Cyclone Leslie battered Portugal and Spain this weekend, bringing 100-mph winds and heavy rain to Lisbon, the Portuguese capital. Luis Belo Costa of Portugal’s National Protection Agency urged people to “avoid at all costs walking on the street,” according to the Associated Press.


An infrared satellite image of Cyclone Leslie approaching the Iberian Peninsula. (AEMET/AFP) (HANDOUT)

Portugal bore the brunt of the cyclone, with at least 27 people injured, thousands of trees uprooted, and more than 300,000 homes losing power. About 60 people were forced to evacuate the area. Coastline towns along the Iberian Peninsula were flooded.

“I have never seen anything like it,” one resident of the seaside town of Figueira da Foz told a local television station, according to Britain’s Sunday Express. “The town seemed to be in a state of war, with cars smashed by fallen trees. People were very worried.”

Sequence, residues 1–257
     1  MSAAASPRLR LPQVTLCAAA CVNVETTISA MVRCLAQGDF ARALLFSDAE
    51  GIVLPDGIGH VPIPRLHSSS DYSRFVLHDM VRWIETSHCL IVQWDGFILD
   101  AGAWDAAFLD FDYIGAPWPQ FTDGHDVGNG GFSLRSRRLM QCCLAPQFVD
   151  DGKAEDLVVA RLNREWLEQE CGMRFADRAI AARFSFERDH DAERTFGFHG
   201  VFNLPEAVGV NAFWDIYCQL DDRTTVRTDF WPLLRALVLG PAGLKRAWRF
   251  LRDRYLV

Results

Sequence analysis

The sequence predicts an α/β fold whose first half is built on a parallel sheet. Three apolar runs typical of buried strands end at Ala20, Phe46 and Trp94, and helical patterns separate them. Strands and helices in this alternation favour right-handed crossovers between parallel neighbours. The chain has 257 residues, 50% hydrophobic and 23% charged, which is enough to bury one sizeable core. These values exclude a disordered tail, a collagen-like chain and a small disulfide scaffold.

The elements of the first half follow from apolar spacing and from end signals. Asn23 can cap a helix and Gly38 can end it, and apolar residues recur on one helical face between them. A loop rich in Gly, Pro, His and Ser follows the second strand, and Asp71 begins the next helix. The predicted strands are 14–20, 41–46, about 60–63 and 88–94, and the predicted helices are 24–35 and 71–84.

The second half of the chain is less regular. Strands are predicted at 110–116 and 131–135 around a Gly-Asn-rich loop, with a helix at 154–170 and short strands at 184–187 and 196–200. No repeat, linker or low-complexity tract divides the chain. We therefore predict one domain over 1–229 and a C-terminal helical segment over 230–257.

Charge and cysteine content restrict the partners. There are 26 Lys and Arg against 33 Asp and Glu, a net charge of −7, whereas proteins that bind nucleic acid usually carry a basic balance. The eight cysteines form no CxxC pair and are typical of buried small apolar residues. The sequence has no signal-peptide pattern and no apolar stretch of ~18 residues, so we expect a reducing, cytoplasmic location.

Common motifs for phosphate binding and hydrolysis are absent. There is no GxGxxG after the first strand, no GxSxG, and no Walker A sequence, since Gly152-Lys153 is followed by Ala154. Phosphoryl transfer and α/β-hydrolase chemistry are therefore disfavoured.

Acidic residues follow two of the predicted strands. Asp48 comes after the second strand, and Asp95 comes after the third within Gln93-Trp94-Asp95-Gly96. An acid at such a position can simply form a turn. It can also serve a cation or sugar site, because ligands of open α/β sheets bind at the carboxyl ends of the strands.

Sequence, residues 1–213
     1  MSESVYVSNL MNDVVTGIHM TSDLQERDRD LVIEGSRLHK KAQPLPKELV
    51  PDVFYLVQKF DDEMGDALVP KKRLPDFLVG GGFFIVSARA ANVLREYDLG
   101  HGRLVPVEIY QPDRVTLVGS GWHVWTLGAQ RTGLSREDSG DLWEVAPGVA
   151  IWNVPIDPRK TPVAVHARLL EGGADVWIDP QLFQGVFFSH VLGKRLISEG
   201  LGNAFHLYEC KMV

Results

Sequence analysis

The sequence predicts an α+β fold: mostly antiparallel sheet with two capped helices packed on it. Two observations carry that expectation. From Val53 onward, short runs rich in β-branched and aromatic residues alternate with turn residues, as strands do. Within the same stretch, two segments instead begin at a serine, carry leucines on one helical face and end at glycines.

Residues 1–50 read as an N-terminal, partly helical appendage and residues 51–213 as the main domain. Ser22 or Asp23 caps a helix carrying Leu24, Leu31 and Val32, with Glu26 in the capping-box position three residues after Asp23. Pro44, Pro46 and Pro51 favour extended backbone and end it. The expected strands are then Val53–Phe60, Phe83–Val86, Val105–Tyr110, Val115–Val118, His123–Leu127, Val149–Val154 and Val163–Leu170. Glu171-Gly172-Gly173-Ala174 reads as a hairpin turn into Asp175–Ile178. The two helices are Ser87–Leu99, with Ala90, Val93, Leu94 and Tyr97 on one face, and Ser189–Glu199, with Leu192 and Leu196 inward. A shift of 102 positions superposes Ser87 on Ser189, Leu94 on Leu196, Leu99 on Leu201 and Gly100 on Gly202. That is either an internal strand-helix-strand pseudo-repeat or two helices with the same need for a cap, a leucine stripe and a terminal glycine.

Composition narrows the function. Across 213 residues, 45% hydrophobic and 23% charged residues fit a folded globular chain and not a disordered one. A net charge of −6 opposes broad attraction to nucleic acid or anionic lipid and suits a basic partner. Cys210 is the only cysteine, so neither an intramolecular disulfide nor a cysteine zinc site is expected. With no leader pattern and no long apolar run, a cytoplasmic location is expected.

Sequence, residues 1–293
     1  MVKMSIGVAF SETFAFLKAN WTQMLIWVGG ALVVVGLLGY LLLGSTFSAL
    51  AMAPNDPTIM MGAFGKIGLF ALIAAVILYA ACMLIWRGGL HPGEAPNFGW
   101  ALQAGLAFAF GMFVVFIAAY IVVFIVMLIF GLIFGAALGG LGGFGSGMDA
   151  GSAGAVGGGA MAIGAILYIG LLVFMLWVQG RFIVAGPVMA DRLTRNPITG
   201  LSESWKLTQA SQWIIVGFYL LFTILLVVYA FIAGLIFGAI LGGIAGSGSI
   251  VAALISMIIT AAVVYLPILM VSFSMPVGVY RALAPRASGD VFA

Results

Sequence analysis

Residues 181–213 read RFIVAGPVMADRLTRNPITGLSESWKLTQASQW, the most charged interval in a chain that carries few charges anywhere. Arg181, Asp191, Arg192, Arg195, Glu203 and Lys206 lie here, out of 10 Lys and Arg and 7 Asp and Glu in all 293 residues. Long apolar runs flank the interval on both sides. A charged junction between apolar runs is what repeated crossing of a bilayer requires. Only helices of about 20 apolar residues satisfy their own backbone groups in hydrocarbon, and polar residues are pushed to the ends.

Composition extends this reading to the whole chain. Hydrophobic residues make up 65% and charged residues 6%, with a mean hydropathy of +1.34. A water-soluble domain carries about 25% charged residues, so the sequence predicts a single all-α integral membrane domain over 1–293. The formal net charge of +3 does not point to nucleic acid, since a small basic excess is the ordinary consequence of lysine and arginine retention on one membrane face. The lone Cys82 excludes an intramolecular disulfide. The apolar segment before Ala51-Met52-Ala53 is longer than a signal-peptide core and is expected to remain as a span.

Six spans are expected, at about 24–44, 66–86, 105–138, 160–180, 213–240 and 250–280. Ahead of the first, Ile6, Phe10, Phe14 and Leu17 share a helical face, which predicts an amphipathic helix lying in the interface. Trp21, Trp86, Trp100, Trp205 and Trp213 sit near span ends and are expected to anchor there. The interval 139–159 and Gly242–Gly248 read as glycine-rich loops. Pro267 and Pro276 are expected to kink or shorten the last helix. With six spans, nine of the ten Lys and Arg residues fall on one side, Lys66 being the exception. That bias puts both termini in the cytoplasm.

Leslie caused a lot of tree damage in the Portuguese seaside town of Figueira da Foz. (Carlos Costa/AFP/Getty Images) (CARLOS COSTA)

A restaurant in the Portuguese town of Praia do Pedrogao was destroyed in the storm. (Paulo Cunha/EPA-EFE/Shutterstock) (PAULO CUNHA/EPA-EFE/REX)

In Lisbon, people huddled inside their homes. After the storm passed, trees and power lines blocked sidewalks. Even Portugal’s main highway was temporarily blocked by fallen trees.


Tree limbs litter a street in Lisbon's Benfica neigborhood. (Rafael Marchante/Reuters) (RAFAEL MARCHANTE)

This is how the Lisbon coastline looked hours before Leslie made landfall. (Patricia de Melo/AFP/Getty Images) (PATRICIA DE MELO MOREIRA)

It’s unusual for a hurricane or cyclone to hit Europe. According to our colleagues at the Capital Weather Gang, a hurricane hasn’t hit the continent since the 1842 Spain hurricane. In 2005, one other named tropical system, Vince, made landfall on the Iberian Peninsula.

Meteorologists attribute Leslie to warmer-than-average sea-surface temperatures off Portugal’s coast.